The groups considered to be more sensitive to potential health effects from breathing in TCE vapor include unborn children, infants and children, and/or people with impaired immune systems. Because of the risk of heart defects occurring in developing fetuses, MDH is concerned about TCE exposures in women who are pregnant or who may become pregnant.
If I can't smell TCE in the air, am I being exposed?
Some people may be able to detect TCE at levels lower than the reported odor threshold, and some people may only detect it at higher concentrations. Just because you can’t smell TCE doesn’t mean there is no exposure. Sampling and testing is the best way to know if TCE is present.
How will the sampling be done?
With the owner’s permission, licensed contractors will conduct sampling at the target properties to see whether contaminated soil vapors are potentially underneath your home or building. The first step in sampling each residence will be to collect a sub-slab vapor sample. This involves collecting a vapor sample from directly beneath the basement floor through a small hole drilled in the floor, which takes about 45 minutes. Sub-slab samples can be more accurate than indoor air samples, which can be cross-contaminated by common household products, such as cleaners and adhesives.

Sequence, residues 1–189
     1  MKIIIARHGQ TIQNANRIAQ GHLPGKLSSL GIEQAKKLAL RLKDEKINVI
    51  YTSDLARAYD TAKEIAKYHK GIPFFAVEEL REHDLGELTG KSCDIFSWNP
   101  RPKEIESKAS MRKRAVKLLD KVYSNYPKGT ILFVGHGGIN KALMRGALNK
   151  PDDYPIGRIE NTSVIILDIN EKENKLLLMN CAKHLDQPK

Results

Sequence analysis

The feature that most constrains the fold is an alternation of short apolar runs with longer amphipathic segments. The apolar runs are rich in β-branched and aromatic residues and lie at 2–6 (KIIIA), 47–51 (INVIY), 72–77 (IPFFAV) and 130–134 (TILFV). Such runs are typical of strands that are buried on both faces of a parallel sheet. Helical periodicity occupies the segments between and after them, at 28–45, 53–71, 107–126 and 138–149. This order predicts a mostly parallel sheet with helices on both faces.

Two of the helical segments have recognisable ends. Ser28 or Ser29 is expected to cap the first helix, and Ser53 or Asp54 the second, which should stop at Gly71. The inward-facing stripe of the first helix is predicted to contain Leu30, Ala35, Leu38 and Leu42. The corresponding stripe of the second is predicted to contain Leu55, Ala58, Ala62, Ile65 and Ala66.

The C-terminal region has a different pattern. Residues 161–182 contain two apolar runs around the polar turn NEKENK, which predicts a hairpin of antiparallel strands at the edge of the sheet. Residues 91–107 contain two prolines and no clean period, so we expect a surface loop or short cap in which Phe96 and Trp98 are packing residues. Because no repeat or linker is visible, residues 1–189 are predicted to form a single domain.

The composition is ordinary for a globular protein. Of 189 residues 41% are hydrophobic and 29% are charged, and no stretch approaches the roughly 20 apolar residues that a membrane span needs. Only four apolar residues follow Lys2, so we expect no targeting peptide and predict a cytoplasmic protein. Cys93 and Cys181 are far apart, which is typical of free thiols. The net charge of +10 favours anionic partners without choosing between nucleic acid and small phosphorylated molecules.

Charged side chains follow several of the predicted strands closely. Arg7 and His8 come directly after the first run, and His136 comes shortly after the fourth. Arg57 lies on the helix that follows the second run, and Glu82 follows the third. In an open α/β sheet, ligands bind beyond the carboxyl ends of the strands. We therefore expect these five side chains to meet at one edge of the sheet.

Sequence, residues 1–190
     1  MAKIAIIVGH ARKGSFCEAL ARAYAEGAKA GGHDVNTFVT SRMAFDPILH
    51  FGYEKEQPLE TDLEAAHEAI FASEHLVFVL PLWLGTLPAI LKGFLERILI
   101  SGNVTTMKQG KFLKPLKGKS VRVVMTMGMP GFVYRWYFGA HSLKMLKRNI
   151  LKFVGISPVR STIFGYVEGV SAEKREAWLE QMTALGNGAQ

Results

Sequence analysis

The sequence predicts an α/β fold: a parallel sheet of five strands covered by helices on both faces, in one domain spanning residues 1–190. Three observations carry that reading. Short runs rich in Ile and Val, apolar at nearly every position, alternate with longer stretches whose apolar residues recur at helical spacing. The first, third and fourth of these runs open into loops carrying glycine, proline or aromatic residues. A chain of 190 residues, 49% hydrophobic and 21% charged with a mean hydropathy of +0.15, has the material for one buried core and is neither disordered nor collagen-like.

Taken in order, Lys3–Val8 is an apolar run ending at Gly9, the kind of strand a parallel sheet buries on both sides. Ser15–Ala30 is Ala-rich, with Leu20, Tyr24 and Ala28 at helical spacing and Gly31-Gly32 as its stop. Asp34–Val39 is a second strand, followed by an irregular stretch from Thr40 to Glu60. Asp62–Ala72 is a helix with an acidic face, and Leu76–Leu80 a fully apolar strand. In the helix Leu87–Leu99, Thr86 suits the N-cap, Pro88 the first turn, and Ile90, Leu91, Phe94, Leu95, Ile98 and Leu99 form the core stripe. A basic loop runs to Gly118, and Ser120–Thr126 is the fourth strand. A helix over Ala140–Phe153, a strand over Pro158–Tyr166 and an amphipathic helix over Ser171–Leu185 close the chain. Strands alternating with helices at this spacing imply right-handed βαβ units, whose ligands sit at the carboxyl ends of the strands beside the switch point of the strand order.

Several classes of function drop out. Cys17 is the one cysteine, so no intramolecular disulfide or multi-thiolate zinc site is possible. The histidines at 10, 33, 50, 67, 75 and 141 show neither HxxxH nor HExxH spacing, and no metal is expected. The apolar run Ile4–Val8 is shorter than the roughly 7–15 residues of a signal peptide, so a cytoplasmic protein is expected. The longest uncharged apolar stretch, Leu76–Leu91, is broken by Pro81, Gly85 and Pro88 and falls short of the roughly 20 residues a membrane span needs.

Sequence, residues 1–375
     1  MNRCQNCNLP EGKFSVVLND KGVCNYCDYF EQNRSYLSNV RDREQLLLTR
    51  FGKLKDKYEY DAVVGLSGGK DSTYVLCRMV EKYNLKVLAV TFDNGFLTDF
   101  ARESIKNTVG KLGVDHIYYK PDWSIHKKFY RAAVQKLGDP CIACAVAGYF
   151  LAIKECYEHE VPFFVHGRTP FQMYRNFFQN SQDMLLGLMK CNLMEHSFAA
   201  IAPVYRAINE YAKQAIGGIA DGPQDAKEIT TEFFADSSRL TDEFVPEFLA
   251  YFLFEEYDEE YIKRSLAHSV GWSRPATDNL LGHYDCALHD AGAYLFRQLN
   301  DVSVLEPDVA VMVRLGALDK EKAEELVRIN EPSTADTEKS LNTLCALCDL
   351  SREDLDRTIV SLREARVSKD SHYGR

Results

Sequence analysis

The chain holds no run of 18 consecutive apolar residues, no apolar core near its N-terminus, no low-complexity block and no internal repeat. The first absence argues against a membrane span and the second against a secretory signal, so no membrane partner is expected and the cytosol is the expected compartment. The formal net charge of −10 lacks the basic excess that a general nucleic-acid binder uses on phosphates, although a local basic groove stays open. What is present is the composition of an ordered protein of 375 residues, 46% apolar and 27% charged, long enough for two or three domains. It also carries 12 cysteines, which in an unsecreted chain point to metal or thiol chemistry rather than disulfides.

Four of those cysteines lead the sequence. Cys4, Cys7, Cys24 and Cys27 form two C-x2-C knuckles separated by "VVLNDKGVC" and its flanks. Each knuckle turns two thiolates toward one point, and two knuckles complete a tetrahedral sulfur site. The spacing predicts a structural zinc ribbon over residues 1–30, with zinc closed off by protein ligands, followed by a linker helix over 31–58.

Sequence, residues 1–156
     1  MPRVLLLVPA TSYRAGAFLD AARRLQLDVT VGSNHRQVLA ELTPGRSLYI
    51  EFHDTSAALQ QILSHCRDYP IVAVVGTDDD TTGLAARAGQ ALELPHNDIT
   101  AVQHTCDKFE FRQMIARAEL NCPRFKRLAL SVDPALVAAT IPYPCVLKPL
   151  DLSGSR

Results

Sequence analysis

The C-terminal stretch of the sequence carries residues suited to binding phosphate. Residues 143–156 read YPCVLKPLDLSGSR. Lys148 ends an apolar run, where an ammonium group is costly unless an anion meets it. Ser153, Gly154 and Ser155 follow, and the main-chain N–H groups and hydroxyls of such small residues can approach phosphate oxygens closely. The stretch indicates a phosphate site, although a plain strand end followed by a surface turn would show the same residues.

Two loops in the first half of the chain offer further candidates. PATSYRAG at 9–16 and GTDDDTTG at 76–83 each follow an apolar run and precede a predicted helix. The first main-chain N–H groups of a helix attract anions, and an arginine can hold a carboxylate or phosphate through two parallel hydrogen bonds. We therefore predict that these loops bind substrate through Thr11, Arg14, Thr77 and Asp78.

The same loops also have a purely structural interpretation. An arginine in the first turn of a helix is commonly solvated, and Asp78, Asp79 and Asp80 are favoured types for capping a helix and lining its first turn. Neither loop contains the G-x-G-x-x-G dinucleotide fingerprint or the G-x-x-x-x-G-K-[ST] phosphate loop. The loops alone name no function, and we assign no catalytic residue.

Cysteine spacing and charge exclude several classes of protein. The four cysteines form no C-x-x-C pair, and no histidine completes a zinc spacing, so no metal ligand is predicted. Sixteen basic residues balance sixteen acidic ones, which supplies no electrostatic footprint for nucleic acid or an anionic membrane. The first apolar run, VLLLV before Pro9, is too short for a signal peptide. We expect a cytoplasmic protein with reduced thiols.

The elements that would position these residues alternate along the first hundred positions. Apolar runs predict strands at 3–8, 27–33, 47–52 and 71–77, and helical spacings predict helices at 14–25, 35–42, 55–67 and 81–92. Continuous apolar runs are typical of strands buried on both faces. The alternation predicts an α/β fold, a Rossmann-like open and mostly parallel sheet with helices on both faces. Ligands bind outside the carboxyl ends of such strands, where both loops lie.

If TCE is detected at my property, how will it be cleaned up?
If the sample results indicate TCE vapor levels above MPCA screening levels, licensed contractors will install a sub-slab ventilation system in the overlying structure. This system is the same as a typical “radon system” commonly installed in homes and buildings in areas where radon is naturally present in the soil. Such systems consist of a hole in the building floor with a sealed pipe that leads to a low-wattage fan in the attic or on the outside of the building. The fan pulls vapors from beneath the floor and discharges them to the atmosphere through a stack on the roof.
For more information or if you have questions or comments, contact these representatives:
Minnesota Pollution Control Agency (for project or testing questions)
Edward P. Olson, CEP, Project Manager, Site Remediation 1, 651-757-2627, email@example.com
Fred Campbell, Site Remediation 1, 651-757-2260, firstname.lastname@example.org
Hans Neve, Site Remediation 1, 651-757-2608, email@example.com
Minnesota Department of Health (for health-related questions)
Rita Messing, 651-201-4916 or Emily Hansen, 651-201-4602
Site Assessment and Consultation Unit, 651-201-4897 or 800-657-3908
To schedule sampling, call Barr Engineering, 952-842-3505.
To contact General Mills, call 763-293-1165.